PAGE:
Typically, maintenance management software is designed to work with desktop and laptop computers, though many popular ones will also work with mobile devices. These programs allow for unlimited users to access management tools, offering a complete and convenient solution using just one system to manage inventory, scheduling and document uploads.


Of course, like any other software program, whether or not MMS works depends on what it can do for you. Because of this, features are important to pay attention to, no matter what you're looking to do with it. While every program will vary depending on needs and industry, each one should have some of these features:

Asset tracking: This is the basis of most systems as it strives to reduce overall downtime while improving efficiency and lifespan. Asset tracking mostly concerns itself with regular maintenance.

Inventory tracking: Downtime is expensive, so delays in receiving materials are unacceptable. In this way, MMS platforms can reduce costs and labor with strong inventory tracking skills and the ability to make purchases as scheduled.

Monitoring and upkeep: In an MMS system, condition monitoring reduces downtime and sudden breakdowns by scheduling maintenance for service on a regular basis. Predictive upkeep will track all kinds of data related to the equipment so that a technician can quickly analyze it when necessary.

Reporting: Another basic function, report preparation can be sent to mobile devices, providing real-time metrics for any activity. This on-demand access can also be set to deliver on a regular schedule to specific personnel.

Choosing a Dealer

Now for the core of a maintenance management software purchasing guide: picking a dealer. With new knowledge of which factors to consider when making a purchase, you'll need to keep a few tips in mind to pick the best dealer for the job.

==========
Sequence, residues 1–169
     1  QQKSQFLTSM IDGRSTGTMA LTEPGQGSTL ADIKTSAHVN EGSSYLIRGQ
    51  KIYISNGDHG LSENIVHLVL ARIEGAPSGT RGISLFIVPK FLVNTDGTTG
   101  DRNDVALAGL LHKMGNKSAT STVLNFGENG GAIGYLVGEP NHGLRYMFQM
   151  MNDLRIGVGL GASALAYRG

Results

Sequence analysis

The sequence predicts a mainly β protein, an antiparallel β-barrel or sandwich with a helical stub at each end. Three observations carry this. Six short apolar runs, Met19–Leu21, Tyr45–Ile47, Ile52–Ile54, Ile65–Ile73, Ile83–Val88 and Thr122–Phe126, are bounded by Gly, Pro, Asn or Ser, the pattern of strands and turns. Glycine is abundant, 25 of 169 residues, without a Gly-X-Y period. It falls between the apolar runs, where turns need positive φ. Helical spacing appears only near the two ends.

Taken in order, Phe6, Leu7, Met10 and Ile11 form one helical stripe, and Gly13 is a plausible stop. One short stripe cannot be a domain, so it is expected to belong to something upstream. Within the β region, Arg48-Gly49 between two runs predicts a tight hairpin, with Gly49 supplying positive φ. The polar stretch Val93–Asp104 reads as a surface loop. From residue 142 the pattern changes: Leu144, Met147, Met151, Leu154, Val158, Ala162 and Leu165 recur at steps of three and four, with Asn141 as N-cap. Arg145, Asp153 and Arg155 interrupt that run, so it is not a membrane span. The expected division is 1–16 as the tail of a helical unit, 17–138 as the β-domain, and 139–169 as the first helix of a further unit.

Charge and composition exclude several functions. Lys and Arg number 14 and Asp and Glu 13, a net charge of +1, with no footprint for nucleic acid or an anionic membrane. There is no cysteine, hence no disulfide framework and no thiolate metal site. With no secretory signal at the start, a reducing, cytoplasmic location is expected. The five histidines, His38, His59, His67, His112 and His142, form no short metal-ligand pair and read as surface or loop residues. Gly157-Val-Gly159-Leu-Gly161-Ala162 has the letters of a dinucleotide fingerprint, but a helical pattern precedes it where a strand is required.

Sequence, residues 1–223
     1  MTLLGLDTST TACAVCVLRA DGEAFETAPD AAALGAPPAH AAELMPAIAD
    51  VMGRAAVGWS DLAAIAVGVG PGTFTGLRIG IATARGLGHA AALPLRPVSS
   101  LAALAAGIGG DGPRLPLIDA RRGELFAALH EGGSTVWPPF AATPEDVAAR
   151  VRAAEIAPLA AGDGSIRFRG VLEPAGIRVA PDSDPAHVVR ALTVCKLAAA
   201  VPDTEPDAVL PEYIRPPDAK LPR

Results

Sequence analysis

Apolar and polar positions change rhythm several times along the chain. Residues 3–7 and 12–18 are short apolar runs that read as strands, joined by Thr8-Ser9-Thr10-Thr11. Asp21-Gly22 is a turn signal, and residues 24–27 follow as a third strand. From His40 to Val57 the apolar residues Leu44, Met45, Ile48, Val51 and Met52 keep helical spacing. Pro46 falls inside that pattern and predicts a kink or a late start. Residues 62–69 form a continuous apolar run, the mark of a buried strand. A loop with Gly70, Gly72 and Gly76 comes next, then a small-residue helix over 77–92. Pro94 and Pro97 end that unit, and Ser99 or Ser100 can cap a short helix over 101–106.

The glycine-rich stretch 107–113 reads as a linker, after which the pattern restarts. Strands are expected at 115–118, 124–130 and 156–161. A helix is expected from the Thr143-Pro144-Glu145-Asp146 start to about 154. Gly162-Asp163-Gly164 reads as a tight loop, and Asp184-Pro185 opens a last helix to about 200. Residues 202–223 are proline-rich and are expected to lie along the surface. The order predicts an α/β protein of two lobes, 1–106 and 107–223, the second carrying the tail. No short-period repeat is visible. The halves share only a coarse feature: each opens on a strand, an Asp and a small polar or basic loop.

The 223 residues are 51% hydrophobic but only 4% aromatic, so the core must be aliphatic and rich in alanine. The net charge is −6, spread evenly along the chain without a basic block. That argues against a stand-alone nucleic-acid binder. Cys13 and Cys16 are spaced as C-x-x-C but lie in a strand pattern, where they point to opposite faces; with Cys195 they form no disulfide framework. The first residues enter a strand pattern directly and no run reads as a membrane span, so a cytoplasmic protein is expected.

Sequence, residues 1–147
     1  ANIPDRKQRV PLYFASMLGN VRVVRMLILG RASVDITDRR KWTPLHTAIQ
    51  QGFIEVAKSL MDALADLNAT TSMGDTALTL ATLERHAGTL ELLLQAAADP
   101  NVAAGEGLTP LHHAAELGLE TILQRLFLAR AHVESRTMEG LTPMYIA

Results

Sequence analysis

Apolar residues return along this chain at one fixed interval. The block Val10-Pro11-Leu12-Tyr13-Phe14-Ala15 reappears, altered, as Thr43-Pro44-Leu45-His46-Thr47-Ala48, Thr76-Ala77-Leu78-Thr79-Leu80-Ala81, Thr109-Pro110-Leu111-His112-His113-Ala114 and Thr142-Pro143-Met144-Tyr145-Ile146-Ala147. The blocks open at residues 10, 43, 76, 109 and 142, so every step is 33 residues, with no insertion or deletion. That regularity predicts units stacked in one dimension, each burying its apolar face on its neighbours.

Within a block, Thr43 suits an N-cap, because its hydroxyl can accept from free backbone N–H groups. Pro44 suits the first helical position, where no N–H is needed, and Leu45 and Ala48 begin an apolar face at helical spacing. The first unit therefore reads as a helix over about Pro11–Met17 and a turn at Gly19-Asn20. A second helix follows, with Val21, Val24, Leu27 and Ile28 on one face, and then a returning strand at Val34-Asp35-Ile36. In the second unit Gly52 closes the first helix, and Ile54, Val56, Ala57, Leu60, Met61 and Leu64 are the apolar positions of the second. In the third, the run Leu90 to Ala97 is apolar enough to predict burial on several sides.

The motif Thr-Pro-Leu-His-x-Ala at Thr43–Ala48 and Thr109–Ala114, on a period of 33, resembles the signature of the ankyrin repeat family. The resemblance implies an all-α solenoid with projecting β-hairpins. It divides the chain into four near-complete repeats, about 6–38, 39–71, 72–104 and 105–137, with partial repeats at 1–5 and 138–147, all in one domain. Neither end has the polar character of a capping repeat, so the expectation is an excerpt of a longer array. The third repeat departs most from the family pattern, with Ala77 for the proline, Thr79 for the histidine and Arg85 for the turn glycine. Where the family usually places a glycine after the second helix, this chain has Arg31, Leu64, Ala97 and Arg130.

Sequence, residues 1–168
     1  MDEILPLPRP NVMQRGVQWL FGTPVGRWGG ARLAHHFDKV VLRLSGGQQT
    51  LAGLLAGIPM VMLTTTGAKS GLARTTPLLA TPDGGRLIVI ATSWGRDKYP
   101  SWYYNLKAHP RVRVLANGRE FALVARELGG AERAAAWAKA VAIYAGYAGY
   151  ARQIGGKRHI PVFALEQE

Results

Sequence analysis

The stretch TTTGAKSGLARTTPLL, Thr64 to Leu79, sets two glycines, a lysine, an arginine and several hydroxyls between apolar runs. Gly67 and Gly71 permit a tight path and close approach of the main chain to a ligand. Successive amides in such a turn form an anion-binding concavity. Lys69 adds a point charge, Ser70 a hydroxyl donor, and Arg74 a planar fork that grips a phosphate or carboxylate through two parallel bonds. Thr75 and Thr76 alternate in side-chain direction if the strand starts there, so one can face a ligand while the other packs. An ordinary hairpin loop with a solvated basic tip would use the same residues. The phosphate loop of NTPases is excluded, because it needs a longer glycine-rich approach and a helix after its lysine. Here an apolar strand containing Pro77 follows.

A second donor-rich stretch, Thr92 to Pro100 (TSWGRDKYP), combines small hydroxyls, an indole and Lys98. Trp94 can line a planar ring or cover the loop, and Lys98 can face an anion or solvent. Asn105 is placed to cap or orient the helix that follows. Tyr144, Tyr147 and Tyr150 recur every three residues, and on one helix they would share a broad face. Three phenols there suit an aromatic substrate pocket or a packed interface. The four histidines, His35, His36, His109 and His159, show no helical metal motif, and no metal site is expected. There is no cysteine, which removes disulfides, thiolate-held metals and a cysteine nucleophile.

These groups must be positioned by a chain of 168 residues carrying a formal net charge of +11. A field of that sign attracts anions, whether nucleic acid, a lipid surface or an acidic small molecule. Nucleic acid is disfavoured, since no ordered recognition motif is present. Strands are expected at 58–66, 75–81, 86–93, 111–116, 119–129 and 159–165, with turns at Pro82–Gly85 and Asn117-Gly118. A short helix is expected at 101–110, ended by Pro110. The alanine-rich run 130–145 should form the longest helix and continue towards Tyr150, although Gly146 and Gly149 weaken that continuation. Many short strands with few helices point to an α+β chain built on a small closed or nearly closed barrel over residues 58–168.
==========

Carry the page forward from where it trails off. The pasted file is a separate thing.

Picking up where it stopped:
Installation: If you've decided to work with an in-house CMMS model, you'll gain plenty of value for the cost of installation. Depending on how experienced your IT department is, however, it can be a difficult transition to implement into normal business. Be sure to request information on troubleshooting from the provider you're thinking of purchasing from. It's also important to note that a web-based service usually doesn't need installation.

Training: Regardless of the system, a new platform is going to be a little confusing for a while, even for those who are already familiar with tech. Because of this, it's very valuable for a provider to have training guides that make the transition smoother for all personnel.

Cost breakdown: While cost isn't the only thing to consider, it's still an important factor to compare. Be sure all estimates include all fees that you can expect to pay; providers with hidden fees are not only expensive, but they're immediately not as trustworthy as those that include all fees upfront. It's also likely that the cost of setting up a CMMS system will be considerably higher than a web-based platform.

Comparing providers: Just like in any other industry, you'll need to strongly evaluate the relationship with a prospective provider before settling on any maintenance management software platform. The easiest way to do this, of course, is to look for a provider that has a strong reputation backing it, even if you have never heard of them before. A history of happy customers makes it more likely that you're going to receive the same benefits for your own business. Not only that, but it also shows that the provider is capable of holding its own financially, so you can count on the support being there when you need it most.